Ross County Master Gardener Volunteers donated nearly 5,000 pounds of fresh produce to local food pantries and other organizations. They were the winning county in the small county division and will receive the $500 prize to be used in next year's garden. Here is their story by Ivory Harlow.
Ross is a rural county nestled in the hills of Appalachian Ohio. Like many areas of Appalachia, the community is tight-knit and family focused. Ross County is a place where residents support one another and lend a helping hand to neighbors when one is needed.
The Ross County Master Gardener Volunteers donated 4,946 pounds of fresh garden produce to local food banks in 2017 as part of the Grow Ohio program, a food donation program sponsored by the Ohio State University Extension Master Gardener Volunteer Program. The goal of the program is to feed hungry residents in food deserts or without means to purchase fresh food.
Ross County Grow Ohio project leaders are Dave Porter and Bill Stowe. Dave Porter became a certified Master Gardener in 2013. That year he initiated a partnership with Alvis House, a half-way home for rehabilitated ex-offenders, to teach residents how to grow food. The partnership began on a small correctional facility plot. Dave since expanded the project onto additional property near Frankfort, Ohio. As a result, Master Gardeners and Alvis House residents produced and donated more healthy and nutritious food in 2017 than ever before!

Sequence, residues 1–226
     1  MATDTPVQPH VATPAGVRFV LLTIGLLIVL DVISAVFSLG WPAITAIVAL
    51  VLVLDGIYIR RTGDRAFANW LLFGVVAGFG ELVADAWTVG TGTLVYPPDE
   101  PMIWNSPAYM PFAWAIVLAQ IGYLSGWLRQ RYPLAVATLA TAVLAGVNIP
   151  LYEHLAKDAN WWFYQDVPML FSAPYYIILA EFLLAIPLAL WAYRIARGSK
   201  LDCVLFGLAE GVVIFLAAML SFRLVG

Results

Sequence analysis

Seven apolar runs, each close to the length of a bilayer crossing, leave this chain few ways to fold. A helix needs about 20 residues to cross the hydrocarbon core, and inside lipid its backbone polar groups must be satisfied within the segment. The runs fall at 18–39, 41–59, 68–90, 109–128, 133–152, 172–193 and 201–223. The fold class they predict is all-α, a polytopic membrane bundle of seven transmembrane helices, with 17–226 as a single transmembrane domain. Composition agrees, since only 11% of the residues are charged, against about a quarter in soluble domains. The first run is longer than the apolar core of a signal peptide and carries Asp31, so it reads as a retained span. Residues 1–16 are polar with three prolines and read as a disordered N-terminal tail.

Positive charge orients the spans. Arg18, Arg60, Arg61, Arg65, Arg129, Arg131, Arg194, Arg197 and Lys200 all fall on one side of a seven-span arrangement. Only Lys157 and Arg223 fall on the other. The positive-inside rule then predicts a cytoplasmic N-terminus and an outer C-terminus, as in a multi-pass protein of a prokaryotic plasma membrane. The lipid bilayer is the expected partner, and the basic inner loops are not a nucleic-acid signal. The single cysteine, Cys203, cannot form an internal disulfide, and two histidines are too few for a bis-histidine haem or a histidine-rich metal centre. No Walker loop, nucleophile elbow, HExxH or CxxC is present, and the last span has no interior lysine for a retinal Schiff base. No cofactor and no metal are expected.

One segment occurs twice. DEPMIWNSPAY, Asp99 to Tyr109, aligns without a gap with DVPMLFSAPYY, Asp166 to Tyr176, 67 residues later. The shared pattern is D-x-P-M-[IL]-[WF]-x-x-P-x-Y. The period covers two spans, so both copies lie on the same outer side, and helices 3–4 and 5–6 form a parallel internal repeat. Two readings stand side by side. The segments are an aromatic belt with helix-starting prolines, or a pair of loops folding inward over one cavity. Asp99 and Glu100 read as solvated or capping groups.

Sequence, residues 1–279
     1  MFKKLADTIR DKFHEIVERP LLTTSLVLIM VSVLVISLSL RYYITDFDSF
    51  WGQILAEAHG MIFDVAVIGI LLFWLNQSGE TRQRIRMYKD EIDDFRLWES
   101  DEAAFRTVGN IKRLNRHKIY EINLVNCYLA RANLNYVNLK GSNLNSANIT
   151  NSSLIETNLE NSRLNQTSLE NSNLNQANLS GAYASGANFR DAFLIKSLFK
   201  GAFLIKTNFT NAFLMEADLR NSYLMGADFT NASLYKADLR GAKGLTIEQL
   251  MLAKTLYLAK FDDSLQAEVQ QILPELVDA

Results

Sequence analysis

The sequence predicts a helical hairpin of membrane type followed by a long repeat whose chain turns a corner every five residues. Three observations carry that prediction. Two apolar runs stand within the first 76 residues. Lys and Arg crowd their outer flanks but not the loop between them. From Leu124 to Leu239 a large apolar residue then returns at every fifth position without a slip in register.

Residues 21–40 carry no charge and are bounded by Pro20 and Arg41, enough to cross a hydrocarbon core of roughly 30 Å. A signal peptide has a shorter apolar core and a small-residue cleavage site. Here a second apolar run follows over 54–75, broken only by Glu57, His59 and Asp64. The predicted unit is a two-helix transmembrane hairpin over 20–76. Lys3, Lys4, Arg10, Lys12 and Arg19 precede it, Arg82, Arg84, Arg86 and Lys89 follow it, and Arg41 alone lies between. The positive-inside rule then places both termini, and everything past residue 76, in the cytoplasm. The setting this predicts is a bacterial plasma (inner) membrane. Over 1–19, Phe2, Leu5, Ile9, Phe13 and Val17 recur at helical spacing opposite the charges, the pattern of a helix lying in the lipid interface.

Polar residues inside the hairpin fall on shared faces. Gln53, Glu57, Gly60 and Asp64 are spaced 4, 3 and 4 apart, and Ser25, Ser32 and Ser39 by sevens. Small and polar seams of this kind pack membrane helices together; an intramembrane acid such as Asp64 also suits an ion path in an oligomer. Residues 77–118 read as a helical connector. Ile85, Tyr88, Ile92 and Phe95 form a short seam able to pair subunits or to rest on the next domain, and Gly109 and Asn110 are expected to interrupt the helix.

Bill Stowe became a Master Gardener in 2013 and obtained Community Garden Specialist training in 2017. Bill has consulted with several local groups to help them start a community garden project. He has forged support relationships with local organizations such as the SHARE community garden and Chillicothe Ross County Public Library System Adult Education Program. Bill is passionate about growing food, feeding friends and neighbors, and teaching Ross residents how to grow their own food. In 2017 he taught “Victory garden: growing for food sufficiency” to area residents.
In 2017 thirteen Ohio counties competed to grow and glean the largest volume of fresh food for donation, but participants will attest they don't do it for the reward- they do it for their neighbors and their community. Counties not participating in Grow Ohio also donated fresh produce to local agencies.